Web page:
Published Nov. 8, 2022
BY SARA EYJOLFSDOTTIR
It’s all in the throw. The perfect release, flip, amount of force. CHS senior Teo Espinola knows this well having participated in competitive horseshoe pitching alongside his family for many years, taking part and often placing in tournaments at the state, national and international level.
Played both as singles and teams, horseshoe pitching involves using various techniques to throw horseshoes as close to the designated stake as possible. It requires a variety of skills that Espinola has been able to master over the course of many years and competitions.
Scores are earned based on proximity to the stake with the highest score awarded to those who make a ringer—landing the horseshoe directly on the stake—from the standard length of 40 feet away. Tournaments feature many different events and include different methods of horseshoe pitching.
“I like underhand,” says Espinola, who was introduced to the sport from a young age by his parents. “That one has just always been the easiest for me.”
Over the years, horseshoe pitching has been declining in popularity and recognition, but players like Teo Espinola are keeping it alive, trying to reverse the trend. Within the sport, he has managed to reach a top level.
“I compete in a national league,” says Espinola, who has competed in a variety of tournaments, including the 2021 World Horseshoe Pitching Championships where he scored fifth in the Junior Boys Championship. The competition, taking place in Winnemucca, Nevada, was the largest horseshoe tournament of that year and hosted roughly 750 participants from several countries including Canada, South Africa and Norway.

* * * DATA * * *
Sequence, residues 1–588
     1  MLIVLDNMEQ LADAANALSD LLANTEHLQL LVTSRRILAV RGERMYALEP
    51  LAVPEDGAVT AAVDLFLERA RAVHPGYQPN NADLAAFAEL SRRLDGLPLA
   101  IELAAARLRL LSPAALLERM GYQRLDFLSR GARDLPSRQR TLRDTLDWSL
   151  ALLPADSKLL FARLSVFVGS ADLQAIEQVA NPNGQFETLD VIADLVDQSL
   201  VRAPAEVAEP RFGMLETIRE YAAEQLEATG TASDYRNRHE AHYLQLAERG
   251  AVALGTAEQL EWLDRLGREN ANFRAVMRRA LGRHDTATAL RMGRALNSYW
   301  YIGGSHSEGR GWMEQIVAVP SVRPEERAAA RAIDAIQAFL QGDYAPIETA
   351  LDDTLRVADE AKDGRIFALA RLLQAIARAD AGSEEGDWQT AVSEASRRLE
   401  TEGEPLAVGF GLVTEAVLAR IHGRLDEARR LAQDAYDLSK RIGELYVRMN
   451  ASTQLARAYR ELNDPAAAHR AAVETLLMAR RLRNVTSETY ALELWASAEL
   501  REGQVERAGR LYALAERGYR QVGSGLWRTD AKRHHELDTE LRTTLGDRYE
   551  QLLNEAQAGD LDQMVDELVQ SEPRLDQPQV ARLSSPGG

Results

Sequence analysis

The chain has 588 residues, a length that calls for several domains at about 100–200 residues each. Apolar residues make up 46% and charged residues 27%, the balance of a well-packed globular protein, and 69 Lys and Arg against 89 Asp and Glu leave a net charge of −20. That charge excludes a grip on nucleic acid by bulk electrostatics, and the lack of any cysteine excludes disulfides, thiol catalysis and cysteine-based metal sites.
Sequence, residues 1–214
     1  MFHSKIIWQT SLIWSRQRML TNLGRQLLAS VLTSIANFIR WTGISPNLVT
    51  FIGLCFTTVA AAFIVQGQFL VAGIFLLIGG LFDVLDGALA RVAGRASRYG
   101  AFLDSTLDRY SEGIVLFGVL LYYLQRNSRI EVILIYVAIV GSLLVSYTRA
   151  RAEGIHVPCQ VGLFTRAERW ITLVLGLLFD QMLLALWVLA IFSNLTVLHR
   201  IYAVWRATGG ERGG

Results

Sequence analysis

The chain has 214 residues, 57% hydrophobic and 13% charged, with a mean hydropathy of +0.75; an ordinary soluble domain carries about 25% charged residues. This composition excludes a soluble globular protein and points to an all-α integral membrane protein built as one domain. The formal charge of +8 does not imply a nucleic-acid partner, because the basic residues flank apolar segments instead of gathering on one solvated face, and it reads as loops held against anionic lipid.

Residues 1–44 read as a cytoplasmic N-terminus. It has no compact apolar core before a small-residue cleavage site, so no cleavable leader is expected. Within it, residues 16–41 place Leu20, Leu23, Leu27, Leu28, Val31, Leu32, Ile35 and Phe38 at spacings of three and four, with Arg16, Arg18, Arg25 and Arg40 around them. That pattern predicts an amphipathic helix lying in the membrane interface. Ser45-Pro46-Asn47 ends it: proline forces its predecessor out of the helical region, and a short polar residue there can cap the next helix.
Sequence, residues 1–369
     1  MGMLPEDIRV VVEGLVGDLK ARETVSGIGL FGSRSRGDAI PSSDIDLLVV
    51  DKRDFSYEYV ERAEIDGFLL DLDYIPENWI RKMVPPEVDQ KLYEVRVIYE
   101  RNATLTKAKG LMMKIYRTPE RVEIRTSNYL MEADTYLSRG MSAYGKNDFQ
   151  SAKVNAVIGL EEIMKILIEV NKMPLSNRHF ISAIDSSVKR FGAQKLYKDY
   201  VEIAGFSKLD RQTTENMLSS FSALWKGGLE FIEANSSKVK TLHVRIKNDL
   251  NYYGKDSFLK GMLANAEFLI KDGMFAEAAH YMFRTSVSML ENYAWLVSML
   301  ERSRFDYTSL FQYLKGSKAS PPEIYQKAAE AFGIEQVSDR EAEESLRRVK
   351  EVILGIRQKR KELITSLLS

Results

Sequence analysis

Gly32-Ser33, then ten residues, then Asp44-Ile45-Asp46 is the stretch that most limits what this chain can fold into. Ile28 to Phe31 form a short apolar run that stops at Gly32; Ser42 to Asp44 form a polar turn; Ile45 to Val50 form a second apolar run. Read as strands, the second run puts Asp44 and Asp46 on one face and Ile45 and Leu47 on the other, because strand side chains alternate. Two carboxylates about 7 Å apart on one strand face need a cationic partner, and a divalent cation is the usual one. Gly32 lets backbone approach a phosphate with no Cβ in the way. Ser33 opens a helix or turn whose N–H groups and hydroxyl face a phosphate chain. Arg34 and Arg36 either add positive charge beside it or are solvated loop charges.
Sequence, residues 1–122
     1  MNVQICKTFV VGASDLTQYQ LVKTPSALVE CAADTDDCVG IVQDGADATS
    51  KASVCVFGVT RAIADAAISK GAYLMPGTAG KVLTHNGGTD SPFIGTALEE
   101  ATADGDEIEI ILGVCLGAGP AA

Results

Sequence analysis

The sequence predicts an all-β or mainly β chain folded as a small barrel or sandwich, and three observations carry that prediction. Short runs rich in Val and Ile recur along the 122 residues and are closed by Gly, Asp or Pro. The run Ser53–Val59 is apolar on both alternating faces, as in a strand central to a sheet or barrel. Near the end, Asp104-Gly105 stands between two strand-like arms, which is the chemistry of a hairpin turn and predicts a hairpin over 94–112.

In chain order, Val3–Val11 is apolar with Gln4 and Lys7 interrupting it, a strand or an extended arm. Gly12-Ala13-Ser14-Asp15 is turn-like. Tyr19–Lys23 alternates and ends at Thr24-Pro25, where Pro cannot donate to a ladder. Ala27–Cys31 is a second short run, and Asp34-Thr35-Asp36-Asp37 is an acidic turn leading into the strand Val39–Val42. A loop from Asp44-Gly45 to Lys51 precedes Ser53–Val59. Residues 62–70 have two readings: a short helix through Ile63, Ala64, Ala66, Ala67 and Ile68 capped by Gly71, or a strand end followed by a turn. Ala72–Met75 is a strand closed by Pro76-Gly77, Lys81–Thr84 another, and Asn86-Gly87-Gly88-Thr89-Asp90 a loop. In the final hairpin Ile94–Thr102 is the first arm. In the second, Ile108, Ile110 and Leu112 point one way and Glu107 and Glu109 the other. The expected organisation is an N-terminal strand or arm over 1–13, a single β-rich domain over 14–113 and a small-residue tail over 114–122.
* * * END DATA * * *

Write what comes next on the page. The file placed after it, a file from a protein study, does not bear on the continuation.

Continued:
Horseshoe pitching can be played all year round and does not require expensive equipment due to the fact that horseshoes typically last an entire lifetime with proper treatment, adding to the appeal and accessibility for Espinola.
This horseshoe pitching enthusiast practices mainly in his backyard alongside his livestock. He and his family setup stakes the standard-length away from where they throw their collection of horseshoes to ensure realistic, competition-like throws.
“I just practice pitching at home,” Espinola adds. “That’s all you really need.”
Teo Espinola knows that he is a part of an increasingly small community, but he will never lose his dedication to the sport. A lot of his support comes from his family who taught him almost everything he knows.